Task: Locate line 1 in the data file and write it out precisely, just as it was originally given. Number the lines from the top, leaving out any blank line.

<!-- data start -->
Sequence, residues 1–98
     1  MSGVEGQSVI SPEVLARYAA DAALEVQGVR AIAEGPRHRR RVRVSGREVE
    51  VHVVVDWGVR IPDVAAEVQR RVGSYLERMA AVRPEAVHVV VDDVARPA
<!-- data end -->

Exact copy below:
Sequence, residues 1–98